Title

Edge orientation perception during active touch

Document Type

Article

Publication Date

11-1-2018

Journal

Journal of Neurophysiology

Volume

120

Issue

5

First Page

2423

Last Page

2429

URL with Digital Object Identifier

10.1152/jn.00280.2018

Abstract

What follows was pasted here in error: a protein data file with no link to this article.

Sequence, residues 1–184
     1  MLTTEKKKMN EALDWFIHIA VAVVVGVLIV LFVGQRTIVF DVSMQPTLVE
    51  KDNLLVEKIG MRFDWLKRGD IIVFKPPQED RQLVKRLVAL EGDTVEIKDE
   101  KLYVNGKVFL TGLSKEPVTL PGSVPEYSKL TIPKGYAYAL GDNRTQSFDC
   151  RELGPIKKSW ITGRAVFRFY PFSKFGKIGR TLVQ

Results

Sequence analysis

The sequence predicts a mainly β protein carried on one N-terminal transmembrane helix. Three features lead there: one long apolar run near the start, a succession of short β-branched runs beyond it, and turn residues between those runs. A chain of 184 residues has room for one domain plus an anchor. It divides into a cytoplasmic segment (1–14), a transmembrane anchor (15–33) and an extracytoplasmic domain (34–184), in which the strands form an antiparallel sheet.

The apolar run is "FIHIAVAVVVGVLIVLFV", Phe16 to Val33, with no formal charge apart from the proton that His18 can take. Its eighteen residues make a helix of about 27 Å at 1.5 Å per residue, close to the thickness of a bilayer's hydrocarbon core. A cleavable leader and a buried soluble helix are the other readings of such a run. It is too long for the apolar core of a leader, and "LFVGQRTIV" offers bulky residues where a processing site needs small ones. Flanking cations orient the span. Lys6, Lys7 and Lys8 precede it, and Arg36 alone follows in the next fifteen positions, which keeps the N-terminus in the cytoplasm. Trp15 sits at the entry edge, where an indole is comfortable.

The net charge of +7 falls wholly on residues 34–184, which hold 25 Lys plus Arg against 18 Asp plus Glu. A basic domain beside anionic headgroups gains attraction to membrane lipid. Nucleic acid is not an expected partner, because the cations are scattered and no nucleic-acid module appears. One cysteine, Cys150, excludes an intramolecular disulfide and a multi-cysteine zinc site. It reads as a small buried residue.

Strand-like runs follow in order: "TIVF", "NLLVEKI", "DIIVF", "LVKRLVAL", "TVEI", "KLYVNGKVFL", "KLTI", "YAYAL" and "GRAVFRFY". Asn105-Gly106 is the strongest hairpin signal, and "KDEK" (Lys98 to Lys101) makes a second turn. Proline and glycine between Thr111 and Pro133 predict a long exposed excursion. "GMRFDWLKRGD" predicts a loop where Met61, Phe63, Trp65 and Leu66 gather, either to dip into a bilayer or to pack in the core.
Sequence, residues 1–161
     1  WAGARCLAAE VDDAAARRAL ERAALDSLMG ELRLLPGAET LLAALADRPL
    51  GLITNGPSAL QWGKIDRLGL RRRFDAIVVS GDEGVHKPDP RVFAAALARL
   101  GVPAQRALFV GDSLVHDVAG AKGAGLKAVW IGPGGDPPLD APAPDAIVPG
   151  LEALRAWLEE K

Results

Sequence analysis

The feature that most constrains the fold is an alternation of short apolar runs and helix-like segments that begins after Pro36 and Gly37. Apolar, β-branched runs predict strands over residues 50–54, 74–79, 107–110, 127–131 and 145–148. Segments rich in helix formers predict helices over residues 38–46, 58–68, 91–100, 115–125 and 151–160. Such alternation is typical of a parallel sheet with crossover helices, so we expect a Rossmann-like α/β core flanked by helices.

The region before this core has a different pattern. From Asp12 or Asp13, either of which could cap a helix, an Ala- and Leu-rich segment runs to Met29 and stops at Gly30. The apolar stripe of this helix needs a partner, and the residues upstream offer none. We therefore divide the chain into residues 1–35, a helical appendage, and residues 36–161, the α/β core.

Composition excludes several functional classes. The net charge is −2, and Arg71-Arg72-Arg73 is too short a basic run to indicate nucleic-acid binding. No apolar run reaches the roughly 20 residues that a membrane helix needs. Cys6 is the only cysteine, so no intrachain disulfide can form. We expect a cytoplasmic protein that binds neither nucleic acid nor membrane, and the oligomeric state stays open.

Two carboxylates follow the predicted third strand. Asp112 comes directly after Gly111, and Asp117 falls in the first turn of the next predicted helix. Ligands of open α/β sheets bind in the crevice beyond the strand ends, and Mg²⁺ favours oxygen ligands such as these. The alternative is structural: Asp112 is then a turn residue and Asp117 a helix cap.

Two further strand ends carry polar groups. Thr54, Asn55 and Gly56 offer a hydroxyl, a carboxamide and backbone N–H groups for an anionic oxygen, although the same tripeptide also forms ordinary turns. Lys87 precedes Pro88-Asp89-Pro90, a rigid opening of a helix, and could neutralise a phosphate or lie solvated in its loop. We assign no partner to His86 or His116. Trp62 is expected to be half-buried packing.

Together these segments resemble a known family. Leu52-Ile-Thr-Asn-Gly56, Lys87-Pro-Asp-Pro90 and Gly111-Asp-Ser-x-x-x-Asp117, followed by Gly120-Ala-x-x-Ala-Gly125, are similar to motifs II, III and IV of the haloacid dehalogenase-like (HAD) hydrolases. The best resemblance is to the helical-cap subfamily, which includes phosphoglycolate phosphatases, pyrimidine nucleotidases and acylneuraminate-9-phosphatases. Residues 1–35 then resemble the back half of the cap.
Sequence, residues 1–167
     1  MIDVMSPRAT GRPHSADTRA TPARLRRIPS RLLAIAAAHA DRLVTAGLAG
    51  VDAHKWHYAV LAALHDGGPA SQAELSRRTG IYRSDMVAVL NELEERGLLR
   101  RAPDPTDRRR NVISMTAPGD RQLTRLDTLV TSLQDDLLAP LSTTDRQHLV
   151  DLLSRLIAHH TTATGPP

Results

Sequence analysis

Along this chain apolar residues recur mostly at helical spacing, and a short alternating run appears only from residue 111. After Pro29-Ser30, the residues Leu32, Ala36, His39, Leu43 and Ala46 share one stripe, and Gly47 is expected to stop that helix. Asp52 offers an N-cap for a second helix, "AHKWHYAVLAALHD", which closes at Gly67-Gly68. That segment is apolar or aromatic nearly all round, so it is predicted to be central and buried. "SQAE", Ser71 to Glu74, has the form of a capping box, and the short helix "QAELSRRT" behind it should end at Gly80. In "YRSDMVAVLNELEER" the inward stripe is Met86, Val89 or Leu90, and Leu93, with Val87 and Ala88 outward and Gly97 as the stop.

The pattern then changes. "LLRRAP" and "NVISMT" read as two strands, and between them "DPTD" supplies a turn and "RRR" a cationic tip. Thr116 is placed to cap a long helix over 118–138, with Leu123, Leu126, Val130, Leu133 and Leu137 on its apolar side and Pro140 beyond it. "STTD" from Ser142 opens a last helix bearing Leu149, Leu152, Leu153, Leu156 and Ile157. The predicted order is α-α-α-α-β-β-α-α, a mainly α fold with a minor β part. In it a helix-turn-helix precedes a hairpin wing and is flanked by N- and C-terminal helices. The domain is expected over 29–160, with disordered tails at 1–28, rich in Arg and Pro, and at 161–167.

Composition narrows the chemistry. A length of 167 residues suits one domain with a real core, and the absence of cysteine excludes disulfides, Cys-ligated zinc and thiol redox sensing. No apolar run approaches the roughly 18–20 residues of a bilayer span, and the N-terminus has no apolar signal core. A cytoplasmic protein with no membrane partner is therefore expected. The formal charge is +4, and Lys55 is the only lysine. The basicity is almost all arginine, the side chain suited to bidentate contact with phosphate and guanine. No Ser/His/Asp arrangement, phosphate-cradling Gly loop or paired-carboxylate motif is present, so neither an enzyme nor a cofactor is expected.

Previous studies investigating the perceptual attributes of tactile edge orientation processing have applied their stimuli to an immobilized fingertip. Here we tested the perceptual attributes of edge orientation processing when participants actively touched the stimulus. Our participants moved their finger over two pairs of edges, one pair parallel and the other nonparallel to varying degrees, and were asked to identify which of the two pairs was nonparallel. In addition to the psychophysical estimates of edge orientation acuity, we measured the speed at which participants moved their finger and the forces they exerted when moving their finger over the stimulus. We report four main findings. First, edge orientation acuity during active touch averaged 12.4°, similar to that previously reported during passive touch. Second, on average, participants moved their finger over the stimuli at ~20 mm/s and exerted contact forces of ~0.3 N. Third, there was no clear relationship between how people moved their finger or how they pressed on the stimulus and their edge orientation acuity. Fourth, consistent with previous work testing tactile spatial acuity, we found a significant correlation between fingertip size and orientation acuity such that people with smaller fingertips tended to have better orientation acuity. NEW & NOTEWORTHY Edge orientation acuity expressed by the motor system during manipulation is many times better than edge orientation acuity assessed in psychophysical studies where stimuli are applied to a passive fingertip. Here we show that this advantage is not because of movement per se because edge orientation acuity assessed in a psychophysical task, where participants actively move their finger over the stimuli, yields results similar to previous passive psychophysical studies.

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